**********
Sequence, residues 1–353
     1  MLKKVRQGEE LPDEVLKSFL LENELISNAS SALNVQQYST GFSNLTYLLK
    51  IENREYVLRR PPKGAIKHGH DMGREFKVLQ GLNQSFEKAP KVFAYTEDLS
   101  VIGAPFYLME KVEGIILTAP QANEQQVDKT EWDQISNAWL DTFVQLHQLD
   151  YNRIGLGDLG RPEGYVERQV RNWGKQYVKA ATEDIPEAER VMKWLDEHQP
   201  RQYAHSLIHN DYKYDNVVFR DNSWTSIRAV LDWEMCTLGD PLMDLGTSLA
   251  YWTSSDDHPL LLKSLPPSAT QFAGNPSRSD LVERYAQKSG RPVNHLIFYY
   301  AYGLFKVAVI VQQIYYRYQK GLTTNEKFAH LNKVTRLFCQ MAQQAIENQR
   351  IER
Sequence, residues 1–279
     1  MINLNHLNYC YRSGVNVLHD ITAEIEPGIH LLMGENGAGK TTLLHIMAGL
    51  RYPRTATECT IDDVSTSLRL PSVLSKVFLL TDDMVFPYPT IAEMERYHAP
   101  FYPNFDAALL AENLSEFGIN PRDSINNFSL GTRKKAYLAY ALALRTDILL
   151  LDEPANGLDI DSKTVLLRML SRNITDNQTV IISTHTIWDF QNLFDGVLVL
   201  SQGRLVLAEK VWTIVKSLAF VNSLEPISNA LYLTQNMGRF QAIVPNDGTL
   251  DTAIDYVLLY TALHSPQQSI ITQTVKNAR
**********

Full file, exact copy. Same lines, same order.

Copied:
Sequence, residues 1–353
     1  MLKKVRQGEE LPDEVLKSFL LENELISNAS SALNVQQYST GFSNLTYLLK
    51  IENREYVLRR PPKGAIKHGH DMGREFKVLQ GLNQSFEKAP KVFAYTEDLS
   101  VIGAPFYLME KVEGIILTAP QANEQQVDKT EWDQISNAWL DTFVQLHQLD
   151  YNRIGLGDLG RPEGYVERQV RNWGKQYVKA ATEDIPEAER VMKWLDEHQP
   201  RQYAHSLIHN DYKYDNVVFR DNSWTSIRAV LDWEMCTLGD PLMDLGTSLA
   251  YWTSSDDHPL LLKSLPPSAT QFAGNPSRSD LVERYAQKSG RPVNHLIFYY
   301  AYGLFKVAVI VQQIYYRYQK GLTTNEKFAH LNKVTRLFCQ MAQQAIENQR
   351  IER
Sequence, residues 1–279
     1  MINLNHLNYC YRSGVNVLHD ITAEIEPGIH LLMGENGAGK TTLLHIMAGL
    51  RYPRTATECT IDDVSTSLRL PSVLSKVFLL TDDMVFPYPT IAEMERYHAP
   101  FYPNFDAALL AENLSEFGIN PRDSINNFSL GTRKKAYLAY ALALRTDILL
   151  LDEPANGLDI DSKTVLLRML SRNITDNQTV IISTHTIWDF QNLFDGVLVL
   201  SQGRLVLAEK VWTIVKSLAF VNSLEPISNA LYLTQNMGRF QAIVPNDGTL
   251  DTAIDYVLLY TALHSPQQSI ITQTVKNAR